To art or not to art? | Daily News

To art or not to art?

Thespian’s plight in a pruned society

All the world's a stage, And all the men and women merely players... as the great bard himself, William Shakespeare, once famously said. Oh, how sweet the sound of drama, forsooth! Timeless, it is, whether 'twas performed long since, today, or in the years to come. Such plays doth touch our hearts, for we are but human. Macbeth, a tale of regicide, it speaks of the ambition of a great warrior. In truth, such things have happened in the past, and lo, do we not witness them happening in our present? Might they not happen again in centuries yet to come? And then there's Romeo and Juliet, a story of love that was doomed from the start. Such a tragedy hath befallen others before, and even now we see it happening in our midst. Shall it not also come to pass in days yet to be?

Indeed, drama is a medium of expression that playwrights do use to shine a light upon the sociopolitical issues of life. Today, I speak with Priyankara Rathnayake whose play Rathu Ves Muhunu based on Sophocles' Oedipus, shall be performed at the Elphinstone Theatre on March 3 at 3.30 and 6.30 pm. Come, all you players, and witness this masterpiece on the grand stage!

Q: Tell me a bit about yourself and a little about this ambitious play of yours?

A. I have worked with Dhamma Jagoda and Somalatha Subasinghe. I have also worked with foreign thespians/artistes. As a professional thespian I have done five or six plays. Also as a drama teacher at University, I have directed plays in order to educate my students. Now, Rathu Ves Muhunu is a play based on Oedipus by Sophocles that I did with my students in 2001/2002. That was done for the purpose of education. This time I am directing it as a professional play. I have also done a Sinhala translation/adaptation of Lysistrata by Aristophanes. I also produced Antigone by Sophocles. Rathu Ves Muhunu is an adaptation of Oedipus by Sophocles. This is my latest. From my childhood I have loved reading books and theatre and film. My father worked at Ceylon Theatres Company and my mum also watched films and read books. After passing my A/Ls I joined the State Film School and did a one- year diploma course there. There I was exposed to legends like Sarachchandra, Dayananda Gunawardena, Sugathapala de Silva, Somalatha Subasinghe and Ranjith Dharmakeerthi, who taught there. This opened up new avenues for me to perform. I also had the opportunity to work with some of them. When I joined campus, I opted to study Cinema. There I metVasantha Obeysekera who taught us. Later I had the privilege of working with him. I also had the good fortune of working with Tissa Abeysekara while I was a university student.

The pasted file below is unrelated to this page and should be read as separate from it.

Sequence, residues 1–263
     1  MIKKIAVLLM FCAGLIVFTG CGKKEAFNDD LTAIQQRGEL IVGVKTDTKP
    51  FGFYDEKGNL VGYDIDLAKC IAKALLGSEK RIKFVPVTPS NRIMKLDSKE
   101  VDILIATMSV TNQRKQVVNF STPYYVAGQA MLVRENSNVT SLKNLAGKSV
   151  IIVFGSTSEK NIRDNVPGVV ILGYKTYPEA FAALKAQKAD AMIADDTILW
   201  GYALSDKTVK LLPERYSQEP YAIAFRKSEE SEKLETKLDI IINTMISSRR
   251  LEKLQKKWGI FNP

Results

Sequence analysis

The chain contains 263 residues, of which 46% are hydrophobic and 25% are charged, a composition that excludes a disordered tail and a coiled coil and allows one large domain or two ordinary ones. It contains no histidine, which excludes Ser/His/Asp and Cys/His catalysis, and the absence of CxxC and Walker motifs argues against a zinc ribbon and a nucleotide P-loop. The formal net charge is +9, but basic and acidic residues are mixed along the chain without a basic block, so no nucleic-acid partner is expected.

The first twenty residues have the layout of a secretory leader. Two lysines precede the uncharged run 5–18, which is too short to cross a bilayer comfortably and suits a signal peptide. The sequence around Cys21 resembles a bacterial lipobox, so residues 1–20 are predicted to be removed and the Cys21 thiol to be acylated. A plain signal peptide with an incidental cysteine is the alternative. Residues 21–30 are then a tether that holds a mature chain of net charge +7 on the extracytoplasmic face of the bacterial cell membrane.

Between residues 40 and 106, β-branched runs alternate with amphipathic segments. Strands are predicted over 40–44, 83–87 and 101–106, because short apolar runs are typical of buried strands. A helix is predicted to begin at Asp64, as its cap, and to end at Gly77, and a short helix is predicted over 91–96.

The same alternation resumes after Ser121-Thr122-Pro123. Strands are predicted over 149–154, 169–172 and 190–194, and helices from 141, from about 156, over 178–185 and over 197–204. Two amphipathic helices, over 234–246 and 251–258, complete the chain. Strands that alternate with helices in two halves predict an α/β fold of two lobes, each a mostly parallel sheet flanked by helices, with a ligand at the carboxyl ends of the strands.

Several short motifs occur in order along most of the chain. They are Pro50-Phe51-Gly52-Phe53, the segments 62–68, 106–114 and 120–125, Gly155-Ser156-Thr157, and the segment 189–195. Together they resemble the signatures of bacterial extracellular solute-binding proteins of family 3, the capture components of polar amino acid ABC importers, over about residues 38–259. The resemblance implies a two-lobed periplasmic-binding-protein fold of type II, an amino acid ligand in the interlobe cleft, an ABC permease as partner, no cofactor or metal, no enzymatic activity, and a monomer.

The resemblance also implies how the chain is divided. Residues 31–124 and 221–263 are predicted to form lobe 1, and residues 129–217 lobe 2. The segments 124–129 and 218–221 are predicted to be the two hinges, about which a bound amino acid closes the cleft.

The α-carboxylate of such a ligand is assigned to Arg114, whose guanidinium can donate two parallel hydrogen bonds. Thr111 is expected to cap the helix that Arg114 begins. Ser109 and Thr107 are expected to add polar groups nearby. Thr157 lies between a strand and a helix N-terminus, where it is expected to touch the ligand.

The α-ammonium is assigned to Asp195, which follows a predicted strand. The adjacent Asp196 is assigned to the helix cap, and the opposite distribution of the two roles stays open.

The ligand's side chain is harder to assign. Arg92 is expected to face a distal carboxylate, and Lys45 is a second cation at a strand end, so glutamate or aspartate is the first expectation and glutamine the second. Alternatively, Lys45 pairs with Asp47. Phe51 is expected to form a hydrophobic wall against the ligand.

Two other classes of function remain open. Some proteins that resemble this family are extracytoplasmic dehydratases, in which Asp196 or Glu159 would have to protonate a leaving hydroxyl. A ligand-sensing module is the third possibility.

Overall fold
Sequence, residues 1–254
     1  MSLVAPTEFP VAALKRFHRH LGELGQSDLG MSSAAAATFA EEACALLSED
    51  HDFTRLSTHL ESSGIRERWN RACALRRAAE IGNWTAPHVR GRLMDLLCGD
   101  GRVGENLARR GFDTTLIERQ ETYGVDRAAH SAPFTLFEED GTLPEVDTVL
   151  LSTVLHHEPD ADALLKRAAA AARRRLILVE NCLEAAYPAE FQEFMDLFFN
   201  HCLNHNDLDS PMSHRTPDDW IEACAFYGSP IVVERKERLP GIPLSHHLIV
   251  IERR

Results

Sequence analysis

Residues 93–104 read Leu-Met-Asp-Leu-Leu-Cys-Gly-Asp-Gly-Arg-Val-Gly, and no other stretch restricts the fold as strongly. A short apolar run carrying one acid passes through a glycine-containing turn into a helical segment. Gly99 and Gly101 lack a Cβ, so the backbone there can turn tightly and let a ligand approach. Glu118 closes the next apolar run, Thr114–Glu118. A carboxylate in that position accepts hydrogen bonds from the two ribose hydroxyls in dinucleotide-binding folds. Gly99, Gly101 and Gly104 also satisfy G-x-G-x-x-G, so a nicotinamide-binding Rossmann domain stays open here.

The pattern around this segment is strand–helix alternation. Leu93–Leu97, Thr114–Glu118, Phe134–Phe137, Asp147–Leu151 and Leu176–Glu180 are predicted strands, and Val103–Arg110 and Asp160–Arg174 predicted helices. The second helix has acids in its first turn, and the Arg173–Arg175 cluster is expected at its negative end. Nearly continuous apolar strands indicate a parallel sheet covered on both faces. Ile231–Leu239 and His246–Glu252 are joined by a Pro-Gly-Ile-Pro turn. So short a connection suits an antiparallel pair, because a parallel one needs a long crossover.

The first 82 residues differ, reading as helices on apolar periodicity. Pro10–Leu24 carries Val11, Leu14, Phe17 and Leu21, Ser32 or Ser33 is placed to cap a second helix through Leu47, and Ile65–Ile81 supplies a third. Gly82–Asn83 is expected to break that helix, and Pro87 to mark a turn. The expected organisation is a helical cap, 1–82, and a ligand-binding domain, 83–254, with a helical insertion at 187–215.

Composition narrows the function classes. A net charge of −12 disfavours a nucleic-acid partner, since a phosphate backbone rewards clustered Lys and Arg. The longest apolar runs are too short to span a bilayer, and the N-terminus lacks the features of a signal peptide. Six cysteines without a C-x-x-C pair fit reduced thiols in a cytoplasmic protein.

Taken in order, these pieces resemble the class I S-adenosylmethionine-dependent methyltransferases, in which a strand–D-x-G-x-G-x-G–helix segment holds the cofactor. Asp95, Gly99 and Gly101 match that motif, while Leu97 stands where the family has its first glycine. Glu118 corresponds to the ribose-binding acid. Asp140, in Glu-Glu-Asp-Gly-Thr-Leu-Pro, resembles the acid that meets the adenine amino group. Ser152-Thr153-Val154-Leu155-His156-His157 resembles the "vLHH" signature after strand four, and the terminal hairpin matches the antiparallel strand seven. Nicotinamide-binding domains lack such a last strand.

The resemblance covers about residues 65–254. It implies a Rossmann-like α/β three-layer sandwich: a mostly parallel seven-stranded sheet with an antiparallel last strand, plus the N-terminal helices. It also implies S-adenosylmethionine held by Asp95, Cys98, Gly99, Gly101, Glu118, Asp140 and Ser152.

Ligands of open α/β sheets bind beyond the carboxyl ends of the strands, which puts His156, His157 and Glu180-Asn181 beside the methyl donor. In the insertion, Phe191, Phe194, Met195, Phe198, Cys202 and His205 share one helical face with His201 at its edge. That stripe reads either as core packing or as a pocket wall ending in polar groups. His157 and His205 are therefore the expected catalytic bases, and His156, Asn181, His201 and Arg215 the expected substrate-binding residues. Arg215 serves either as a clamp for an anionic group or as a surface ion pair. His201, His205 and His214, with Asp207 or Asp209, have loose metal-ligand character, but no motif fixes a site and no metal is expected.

Q: What is it about the world of Drama that fascinates you?

A:The field of drama is subject to constant change. Drama is also influenced by our creativity. As society changes, so does drama. As we change, so does drama. It is sociopolitical. It is an expression of our minds. What we have experienced in life, we bring to life on stage. That is why drama is so extraordinary. These plays that we do, were performed centuries ago. Yet the themes and what they speak of is relevant to us even today. If you take Shakespeare or Sophocles, the subject matter is something we can appreciate even today. The plot and the story line is similar to what we are experiencing in society and all over the world. History as we know, often repeats itself.

Q: What do you feel is the purpose or objective of drama?